The marijuana genome map was unveiled by Sunrise Genetics last week at the Plant and Animal Genome Conference in San Diego. It marks an incredible moment in terms of uncovering the secrets that hide within the myriad of cannabinoids contained in cannabis and what the different combinations are capable of.

We regularly discuss two of the cannabinoids in marijuana, tetrahyrdrocannibinol (THC) and cannabidiol (CBD), however there are at least 65 other cannabinoids and 483 compounds found in marijuana, by far the most of any other plant. There is a great deal of speculation suggesting that marijuana could cure cancer and many other conditions and diseases people suffer from regularly. If that is true, the marijuana genome is the key to uncovering those medicinal qualities.

A deeper understanding of genetics means companies will be able to figure out which parts of cannabis’s makeup drive different functions, making it easier to test for strain continuity and breed plants more quickly and effectively. Schwartz said the genome research can allow for more targeted recreational products by specifying exactly how a product might affect the body or mind, for instance by making a consumer feel tired or energized.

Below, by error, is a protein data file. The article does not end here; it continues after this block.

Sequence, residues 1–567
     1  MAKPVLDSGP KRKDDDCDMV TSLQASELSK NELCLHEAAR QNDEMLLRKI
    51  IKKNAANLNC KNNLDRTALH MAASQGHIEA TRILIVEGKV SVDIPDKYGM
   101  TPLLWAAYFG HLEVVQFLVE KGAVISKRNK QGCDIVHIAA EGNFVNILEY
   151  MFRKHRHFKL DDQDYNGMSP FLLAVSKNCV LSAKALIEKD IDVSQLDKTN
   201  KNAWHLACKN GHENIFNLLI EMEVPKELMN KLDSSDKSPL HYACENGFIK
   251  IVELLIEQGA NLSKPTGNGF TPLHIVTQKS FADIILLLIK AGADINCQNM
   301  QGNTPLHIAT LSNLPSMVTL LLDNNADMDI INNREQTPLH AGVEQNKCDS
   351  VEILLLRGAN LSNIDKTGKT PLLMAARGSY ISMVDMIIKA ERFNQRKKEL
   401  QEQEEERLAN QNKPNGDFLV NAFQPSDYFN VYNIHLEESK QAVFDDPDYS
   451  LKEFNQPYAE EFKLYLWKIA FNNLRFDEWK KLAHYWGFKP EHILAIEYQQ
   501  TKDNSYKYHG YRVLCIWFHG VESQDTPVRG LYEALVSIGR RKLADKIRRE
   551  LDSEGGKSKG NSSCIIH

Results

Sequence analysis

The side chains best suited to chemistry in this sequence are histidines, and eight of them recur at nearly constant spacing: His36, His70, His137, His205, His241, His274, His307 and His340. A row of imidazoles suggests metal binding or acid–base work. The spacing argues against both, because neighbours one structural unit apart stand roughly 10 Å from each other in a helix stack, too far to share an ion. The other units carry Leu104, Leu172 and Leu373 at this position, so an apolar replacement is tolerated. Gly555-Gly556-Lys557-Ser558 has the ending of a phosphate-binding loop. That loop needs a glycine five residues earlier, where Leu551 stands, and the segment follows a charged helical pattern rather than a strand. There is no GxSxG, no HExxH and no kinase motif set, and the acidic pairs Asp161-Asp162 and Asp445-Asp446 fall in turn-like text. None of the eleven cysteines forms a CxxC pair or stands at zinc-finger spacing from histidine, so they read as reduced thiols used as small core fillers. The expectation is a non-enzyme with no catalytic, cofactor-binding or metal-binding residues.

But knowledge of the full genome itself, which will be presented for the first time at the Plant and Animal Genome Conference in San Diego on January 17, also opens the door to the prospect of making good on some of the loftier possibilities for legal marijuana. A cannabis-based energy drink or sleepy-time tea could be on the horizon. Research aided by the genome map might identify potential cannabis-based medicine for further testing, bringing about a marijuana-derived painkiller or alternative to Viagra. (Another application: higher-tech breeding for industrial hemp, a variety of cannabis plant that can be used in clothing, insulation, food or lighter-weight concrete.)

This map isn’t the first attempt to suss out the genetic makeup of cannabis; previous efforts lacked the coordinated research resources and stable plant population to make the picture clear. There are 10 pieces that make up the genome, and Sunrise’s higher-resolution sequence can see what those strings are made of and where on those pieces the genes are located, said Chris Grassa, the company’s consulting director of bioinformatics.

One of the most important parts of uncovering the marijuana genome is that scientists should then be able to match up a person’s genetic deficiencies with the cannabinoids that may provide them balance. What do you think we will discover about marijuana’s medical properties?

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